Morocco at the Crossroads the Intersection of Race, Gender, and Refugee Status
McKanders, K. (2018). Morocco at the Crossroads. In D. Gray & N. Sonneveld (Eds.), Women and Social Change in North Africa: What Counts as Revolutionary? (pp. 189-214). Cambridge: Cambridge University Press. doi:10.1017/9781108303415.010.
Posted: 8 Mar 2018 Last revised: 15 Jun 2018
Date Written: December 1, 2017
For centuries, Morocco has been a country of emigration and transit. Its proximity to the European Union and to the Spanish territories of Ceuta and Melilla on the northern border of Morocco has led migrants to attempt transit through Morocco to gain access to the European Union. Despite its history as a country of transit, Morocco now faces unprecedented challenges regarding increased immigration and its corresponding international obligations to protect the human rights of migrants within its borders. The issues Morocco faces as a new destination country, attempting to apply the Convention in a non-discriminatory manner, evinces the contemporary reality that countries in the Global South have become destinations for greater numbers of forced migrants than ever seen in recorded history.
The goal of this chapter is to critically analyze the vulnerable situation of refugees and asylum seekers at the intersection of race and gender in Morocco. The chapter contains four major parts. In the first part, I give background information on the 1951 Refugee Convention, the obligations of nation-states that are signatories to the Convention, and how nation-states make legal determinations to distinguish between migrants, asylum seekers and refugees. In the second part, I review the historical and legal context behind Moroccan migration and refugee laws. In the third part, I highlight the historical and legal context in which the Convention is being applied in Morocco. Finally, I analyze the contemporary problematic of the application of the Convention in Morocco focusing on how individuals with gender based reasons for fleeing persecution and asylum seekers of African descent may be precluded from presenting their cases to obtain refugee status under existing legal frameworks. Sources of data for this inquiry included: UNHCR statistics, existing immigration laws related to refugees and migrants in Morocco, social science research on mixed migration in Morocco, policy briefs, and data on global migration flows as well as current trends in litigating and processing refugees across the globe. After using these data to approach Morocco as a legal case study, I found support for the conclusion that international actors must rethink collaboration to ensure refugees protections under the Refugee Convention - especially given that countries of the Global South are becoming new destinations for migrants.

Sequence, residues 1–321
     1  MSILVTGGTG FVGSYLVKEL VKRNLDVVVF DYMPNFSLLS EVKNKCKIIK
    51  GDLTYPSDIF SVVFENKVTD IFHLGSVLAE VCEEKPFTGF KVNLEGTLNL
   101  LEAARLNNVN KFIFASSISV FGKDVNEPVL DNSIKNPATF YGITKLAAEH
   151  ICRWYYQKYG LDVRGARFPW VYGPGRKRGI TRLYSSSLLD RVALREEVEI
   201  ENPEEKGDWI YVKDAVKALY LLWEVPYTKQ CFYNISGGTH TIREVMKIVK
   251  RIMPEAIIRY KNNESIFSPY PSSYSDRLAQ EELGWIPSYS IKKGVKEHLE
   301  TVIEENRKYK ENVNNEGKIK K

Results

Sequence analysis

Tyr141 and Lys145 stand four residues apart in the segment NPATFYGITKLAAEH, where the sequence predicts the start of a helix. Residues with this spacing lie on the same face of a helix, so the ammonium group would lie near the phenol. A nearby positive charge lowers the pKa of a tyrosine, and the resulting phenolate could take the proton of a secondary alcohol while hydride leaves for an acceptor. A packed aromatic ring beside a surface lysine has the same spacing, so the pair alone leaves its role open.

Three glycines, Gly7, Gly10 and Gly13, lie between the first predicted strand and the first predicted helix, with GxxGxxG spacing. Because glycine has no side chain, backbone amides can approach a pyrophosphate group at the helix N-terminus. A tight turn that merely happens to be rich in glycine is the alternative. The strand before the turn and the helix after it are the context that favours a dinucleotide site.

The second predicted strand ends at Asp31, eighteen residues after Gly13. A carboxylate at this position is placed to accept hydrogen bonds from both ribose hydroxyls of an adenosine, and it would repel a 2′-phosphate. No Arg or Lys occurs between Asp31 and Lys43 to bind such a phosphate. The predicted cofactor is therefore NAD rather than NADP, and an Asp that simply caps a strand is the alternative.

Keywords: refugee, immigration, Morocco, gender, race
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